Today, Google announced a new Google Slides feature that some teachers are going to love. Google Slides now has a real-time captioning system. This system works when you are presenting your slides (full screen) and have a microphone connected to your computer. When you turn on the captioning option Google will automatically create and display captions of what you're saying to your audience. Those captions will be displayed at the bottom of your slides.



For now this new captioning system is only available if you use the Chrome browser in U.S. English. In their announcement of this feature Google noted that captions may not be accurate if you don't speak clearly, have a distinct accent, or there is a lot of ambient noise near your computer's microphone. (Speaking of microphones the ones that I recommend the most are this Snowball Microphone made by Blue Microphones and this omnidirectional lapel microphone made by Insignia).



Here's a short video introduction to the new Google Slides captions feature.




This feature is being rolled-out gradually. It could be a couple of weeks before you see it in your Google account.



Applications for Education

Automatic captioning of your presentations could make your presentations accessible to more students. Even if you don't have students who need the captions, it might still be a good idea to turn them on anyway as means to aid your students who are taking notes during a presentation.

The mot recent Facebook hoax making its rounds has prompted me to remind everyone about the importance of using strong and varied passwords (don't use the same password for Facebook as you do for your bank account).



Creating a strong password is a just the first step in protecting your email and social media accounts from hackers. To really protect your account there are some additional steps you should take like using two-factor authentication. In their most recent video Common Craft explains how to protect your online accounts. Click here to watch the video or you can view it as embedded below.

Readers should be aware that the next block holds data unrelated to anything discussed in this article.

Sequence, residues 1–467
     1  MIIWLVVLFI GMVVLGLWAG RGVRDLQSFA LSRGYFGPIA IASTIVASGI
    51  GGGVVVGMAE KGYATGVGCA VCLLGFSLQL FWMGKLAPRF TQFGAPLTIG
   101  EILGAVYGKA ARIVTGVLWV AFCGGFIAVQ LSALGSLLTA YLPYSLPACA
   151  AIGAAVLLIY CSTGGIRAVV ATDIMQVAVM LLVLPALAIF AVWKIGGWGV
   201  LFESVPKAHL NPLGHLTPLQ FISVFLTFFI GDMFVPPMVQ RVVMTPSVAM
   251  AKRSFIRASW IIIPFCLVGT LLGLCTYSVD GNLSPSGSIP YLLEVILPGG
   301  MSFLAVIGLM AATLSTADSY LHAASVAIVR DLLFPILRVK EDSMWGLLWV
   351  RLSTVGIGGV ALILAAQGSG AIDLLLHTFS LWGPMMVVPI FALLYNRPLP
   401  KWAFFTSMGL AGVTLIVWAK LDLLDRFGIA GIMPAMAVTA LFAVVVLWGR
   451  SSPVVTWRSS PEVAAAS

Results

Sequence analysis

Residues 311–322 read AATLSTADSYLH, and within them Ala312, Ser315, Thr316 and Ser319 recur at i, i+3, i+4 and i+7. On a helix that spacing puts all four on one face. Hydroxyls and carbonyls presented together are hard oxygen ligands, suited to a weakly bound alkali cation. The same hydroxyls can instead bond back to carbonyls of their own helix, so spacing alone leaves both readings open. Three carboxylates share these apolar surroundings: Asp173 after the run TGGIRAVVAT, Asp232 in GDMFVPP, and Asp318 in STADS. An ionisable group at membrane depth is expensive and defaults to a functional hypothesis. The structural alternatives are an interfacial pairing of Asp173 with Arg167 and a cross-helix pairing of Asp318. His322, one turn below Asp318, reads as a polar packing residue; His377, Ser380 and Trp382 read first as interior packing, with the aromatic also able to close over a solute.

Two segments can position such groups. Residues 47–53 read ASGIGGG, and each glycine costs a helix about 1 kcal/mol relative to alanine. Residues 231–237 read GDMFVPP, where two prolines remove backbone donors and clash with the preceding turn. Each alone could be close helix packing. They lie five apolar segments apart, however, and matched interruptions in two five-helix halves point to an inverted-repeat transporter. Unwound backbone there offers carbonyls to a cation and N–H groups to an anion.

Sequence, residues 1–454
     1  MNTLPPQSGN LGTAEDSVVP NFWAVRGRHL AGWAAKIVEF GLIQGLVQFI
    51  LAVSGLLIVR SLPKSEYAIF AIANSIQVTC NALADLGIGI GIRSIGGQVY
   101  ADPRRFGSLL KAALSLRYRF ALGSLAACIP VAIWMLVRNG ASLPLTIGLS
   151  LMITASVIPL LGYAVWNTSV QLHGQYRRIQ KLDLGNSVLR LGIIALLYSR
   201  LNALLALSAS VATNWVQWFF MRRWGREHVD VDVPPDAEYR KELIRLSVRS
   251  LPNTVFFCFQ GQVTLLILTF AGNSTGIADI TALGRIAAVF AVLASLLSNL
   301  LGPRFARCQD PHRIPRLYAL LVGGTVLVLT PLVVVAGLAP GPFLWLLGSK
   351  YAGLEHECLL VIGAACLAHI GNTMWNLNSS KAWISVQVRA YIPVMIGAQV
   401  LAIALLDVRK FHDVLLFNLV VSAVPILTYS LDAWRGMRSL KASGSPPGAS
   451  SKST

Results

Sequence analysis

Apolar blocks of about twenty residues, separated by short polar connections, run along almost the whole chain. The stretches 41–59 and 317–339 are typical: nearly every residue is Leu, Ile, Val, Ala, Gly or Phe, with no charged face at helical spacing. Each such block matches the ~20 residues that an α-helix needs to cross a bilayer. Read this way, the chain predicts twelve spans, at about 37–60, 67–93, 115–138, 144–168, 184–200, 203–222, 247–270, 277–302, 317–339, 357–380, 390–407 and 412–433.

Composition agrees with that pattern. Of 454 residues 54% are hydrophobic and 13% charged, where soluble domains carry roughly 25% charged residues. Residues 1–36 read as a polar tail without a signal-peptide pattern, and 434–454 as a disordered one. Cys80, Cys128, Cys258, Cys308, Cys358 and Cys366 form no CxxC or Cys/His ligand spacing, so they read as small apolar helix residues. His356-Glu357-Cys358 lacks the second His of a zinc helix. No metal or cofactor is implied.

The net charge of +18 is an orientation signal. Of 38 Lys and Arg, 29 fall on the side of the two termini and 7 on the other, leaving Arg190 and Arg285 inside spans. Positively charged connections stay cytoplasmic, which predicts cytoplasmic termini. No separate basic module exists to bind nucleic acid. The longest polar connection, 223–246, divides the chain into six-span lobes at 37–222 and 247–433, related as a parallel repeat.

Applications for Education

The tips in the video may be old news to some, but they're still worth being reminded of and sharing with those who might not have heard them before.



For help in creating a strong password consider using a tool like Wolffram Alpha's password generator.



Common Craft videos can be reviewed online for evaluation purposes. To use embed them into a blog as I've done requires a membership (which are very reasonably priced).



Disclosure: I have an in-kind relationship with Common Craft.

Tomorrow is Thanksgiving in Canada. As an American I was relatively ignorant of this holiday until about six years ago. If you're an American or your just generally curious about the differences and similarities between American and Canadian Thanksgiving, watch the following videos. Both of the following humorous videos that explain the differences between Thanksgiving in Canada and Thanksgiving in the United States.





Just a reminder, you should always preview videos before showing them in your classroom. I know many high school teachers who will not have a problem sharing these, but teachers of younger students may want to proceed with caution.

Good evening from Maine where I was home for the day before having to fly back to Florida tomorrow morning. Next week I'll be finishing up my third week working with the awesome teachers at Sigsbee Charter School in Key West. If you would like to have me work with your school this year, please send me an email at richardbyrne (at) freetech4teachers.com or click here for more information.